Florianópolis, Brazil
Florianópolis, Brazil

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Chiaradia L.D.,Federal University of Santa Catarina | Chiaradia L.D.,Laboratorio Estrutura e Atividade | Martins P.G.A.,Federal University of Santa Catarina | Cordeiro M.N.S.,Laboratorio Estrutura e Atividade | And 7 more authors.
Journal of Medicinal Chemistry | Year: 2012

Tuberculosis (TB) is a major infectious disease caused by Mycobacterium tuberculosis (Mtb). According to the World Health Organization (WHO), about 1.8 million people die from TB and 10 million new cases are recorded each year. Recently, a new series of naphthylchalcones has been identified as inhibitors of Mtb protein tyrosine phosphatases (PTPs). In this work, 100 chalcones were designed, synthesized, and investigated for their inhibitory properties against MtbPtps. Structure-activity relationships (SAR) were developed, leading to the discovery of new potent inhibitors with IC 50 values in the low-micromolar range. Kinetic studies revealed competitive inhibition and high selectivity toward the Mtb enzymes. Molecular modeling investigations were carried out with the aim of revealing the most relevant structural requirements underlying the binding affinity and selectivity of this series of inhibitors as potential anti-TB drugs. © 2011 American Chemical Society.

Mascarello A.,Laboratorio Estrutura e Atividade | Chiaradia L.D.,Laboratorio Estrutura e Atividade | Vernal J.,Federal University of Santa Catarina | Vernal J.,Federal University of Rio de Janeiro | And 13 more authors.
Bioorganic and Medicinal Chemistry | Year: 2010

Tuberculosis (TB) is a major cause of morbidity and mortality throughout the world, and it is estimated that one-third of the world's population is infected with Mycobacterium tuberculosis. Among a series of tested compounds, we have recently identified five synthetic chalcones which inhibit the activity of M. tuberculosis protein tyrosine phosphatase A (PtpA), an enzyme associated with M. tuberculosis infectivity. Kinetic studies demonstrated that these compounds are reversible competitive inhibitors. In this work we also carried out the analysis of the molecular recognition of these inhibitors on their macromolecular target, PtpA, through molecular modeling. We observed that the predominant determinants responsible for the inhibitory activity of the chalcones are the positions of the two methoxyl groups at the A-ring, that establish hydrogen bonds with the amino acid residues Arg17, His49, and Thr12 in the active site of PtpA, and the substitution of the phenyl ring for a 2-naphthyl group as B-ring, that undergoes π stacking hydrophobic interaction with the Trp48 residue from PtpA. Interestingly, reduction of mycobacterial survival in human macrophages upon inhibitor treatment suggests their potential use as novel therapeutics. The biological activity, synthetic versatility, and low cost are clear advantages of this new class of potential tuberculostatic agents. © 2010 Elsevier Ltd. All rights reserved.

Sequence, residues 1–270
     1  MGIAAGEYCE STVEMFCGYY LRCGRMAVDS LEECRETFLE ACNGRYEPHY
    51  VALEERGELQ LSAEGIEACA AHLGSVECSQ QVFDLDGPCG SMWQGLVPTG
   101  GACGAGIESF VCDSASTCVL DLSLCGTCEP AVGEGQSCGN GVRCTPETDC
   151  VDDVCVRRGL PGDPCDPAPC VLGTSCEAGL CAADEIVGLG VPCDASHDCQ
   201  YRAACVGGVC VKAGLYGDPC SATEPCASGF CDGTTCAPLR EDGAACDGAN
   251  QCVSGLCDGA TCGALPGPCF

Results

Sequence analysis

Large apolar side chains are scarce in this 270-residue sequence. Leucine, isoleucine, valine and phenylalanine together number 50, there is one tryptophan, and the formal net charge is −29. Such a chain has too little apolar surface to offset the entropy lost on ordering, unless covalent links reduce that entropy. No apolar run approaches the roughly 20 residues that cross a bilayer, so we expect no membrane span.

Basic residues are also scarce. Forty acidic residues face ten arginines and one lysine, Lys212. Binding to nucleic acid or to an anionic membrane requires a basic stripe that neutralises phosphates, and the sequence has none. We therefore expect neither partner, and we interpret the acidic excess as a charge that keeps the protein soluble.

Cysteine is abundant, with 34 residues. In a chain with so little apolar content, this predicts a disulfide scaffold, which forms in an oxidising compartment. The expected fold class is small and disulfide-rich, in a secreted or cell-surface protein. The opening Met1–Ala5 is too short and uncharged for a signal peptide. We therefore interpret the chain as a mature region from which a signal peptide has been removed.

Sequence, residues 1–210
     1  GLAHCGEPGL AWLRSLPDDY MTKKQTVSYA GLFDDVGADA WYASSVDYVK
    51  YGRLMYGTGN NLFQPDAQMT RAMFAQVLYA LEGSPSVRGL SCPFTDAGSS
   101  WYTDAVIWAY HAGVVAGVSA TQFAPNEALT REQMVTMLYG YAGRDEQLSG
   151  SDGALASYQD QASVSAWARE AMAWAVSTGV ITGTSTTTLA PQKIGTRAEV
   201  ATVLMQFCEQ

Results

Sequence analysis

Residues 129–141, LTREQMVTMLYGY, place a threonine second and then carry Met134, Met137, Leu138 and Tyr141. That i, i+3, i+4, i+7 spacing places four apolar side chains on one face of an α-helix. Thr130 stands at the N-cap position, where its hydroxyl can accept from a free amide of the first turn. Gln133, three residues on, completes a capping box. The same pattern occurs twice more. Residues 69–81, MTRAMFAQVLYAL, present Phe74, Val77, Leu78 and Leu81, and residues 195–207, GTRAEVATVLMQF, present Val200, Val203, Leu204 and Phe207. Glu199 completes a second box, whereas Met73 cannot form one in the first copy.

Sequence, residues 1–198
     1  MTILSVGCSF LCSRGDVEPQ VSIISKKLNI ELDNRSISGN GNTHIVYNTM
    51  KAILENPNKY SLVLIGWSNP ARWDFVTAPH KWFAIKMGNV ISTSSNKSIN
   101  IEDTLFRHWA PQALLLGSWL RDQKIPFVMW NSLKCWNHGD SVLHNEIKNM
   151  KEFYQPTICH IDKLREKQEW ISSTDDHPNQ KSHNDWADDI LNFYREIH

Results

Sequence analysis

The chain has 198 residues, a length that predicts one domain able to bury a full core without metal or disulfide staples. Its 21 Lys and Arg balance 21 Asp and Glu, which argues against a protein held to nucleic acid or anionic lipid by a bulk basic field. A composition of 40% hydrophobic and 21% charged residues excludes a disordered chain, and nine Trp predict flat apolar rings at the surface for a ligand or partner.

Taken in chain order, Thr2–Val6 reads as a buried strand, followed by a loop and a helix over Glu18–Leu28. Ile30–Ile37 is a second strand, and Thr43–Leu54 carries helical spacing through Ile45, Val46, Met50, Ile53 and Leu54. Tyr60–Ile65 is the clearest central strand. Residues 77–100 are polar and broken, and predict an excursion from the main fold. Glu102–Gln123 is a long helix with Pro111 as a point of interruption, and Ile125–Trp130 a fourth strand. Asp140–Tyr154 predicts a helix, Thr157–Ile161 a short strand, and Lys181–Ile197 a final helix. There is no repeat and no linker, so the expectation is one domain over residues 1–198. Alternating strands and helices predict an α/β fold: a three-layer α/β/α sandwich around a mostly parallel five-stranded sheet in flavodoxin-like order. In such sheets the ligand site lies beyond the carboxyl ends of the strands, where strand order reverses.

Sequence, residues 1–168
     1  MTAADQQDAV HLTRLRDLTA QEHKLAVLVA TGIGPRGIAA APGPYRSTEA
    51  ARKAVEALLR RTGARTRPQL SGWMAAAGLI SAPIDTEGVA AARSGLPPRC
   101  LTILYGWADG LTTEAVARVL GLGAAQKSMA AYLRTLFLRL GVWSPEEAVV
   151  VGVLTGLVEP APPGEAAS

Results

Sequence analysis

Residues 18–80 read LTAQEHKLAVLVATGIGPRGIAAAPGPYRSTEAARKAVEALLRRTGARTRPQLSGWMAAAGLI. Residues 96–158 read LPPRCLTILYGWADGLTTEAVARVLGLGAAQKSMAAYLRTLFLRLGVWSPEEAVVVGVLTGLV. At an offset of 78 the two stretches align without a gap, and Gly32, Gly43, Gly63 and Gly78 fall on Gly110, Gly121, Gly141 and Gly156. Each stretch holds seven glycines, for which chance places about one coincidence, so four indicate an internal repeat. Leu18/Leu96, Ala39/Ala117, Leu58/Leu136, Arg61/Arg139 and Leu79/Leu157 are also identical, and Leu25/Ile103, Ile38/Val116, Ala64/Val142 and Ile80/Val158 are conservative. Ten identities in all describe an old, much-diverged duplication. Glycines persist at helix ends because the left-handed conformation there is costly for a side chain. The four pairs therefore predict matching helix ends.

De Lima Pimenta A.,Laboratorio Of Antibioticos | Chiaradia-Delatorre L.D.,Laboratorio Estrutura e Atividade | Mascarello A.,Laboratorio Estrutura e Atividade | De Oliveira K.A.,Laboratorio Of Biologia Of Gliomas | And 7 more authors.
International Journal of Antimicrobial Agents | Year: 2013

New unconventional approaches to the development of antimicrobial drugs must target inhibition of infection stages leading to host colonisation or virulence itself, rather than bacterial viability. Amongst the most promising unconventional targets for the development of new antimicrobial drugs is bacterial adherence and biofilm formation as well as their control system, the quorum-sensing (QS) system, a mechanism of communication used to co-ordinate bacterial activities. Here we describe the evaluation of synthetic organic compounds as bacterial biofilm inhibitors against a panel of clinically relevant Gram-positive and Gram-negative bacterial strains. This approach has successfully allowed the identification of five compounds (GEt, GHex, GOctad, G19 and C33) active not only against bacterial biofilms but also displaying potential to be used as antagonists and/or inhibitors of bacterial QS. © 2013 Elsevier B.V. and the International Society of Chemotherapy.

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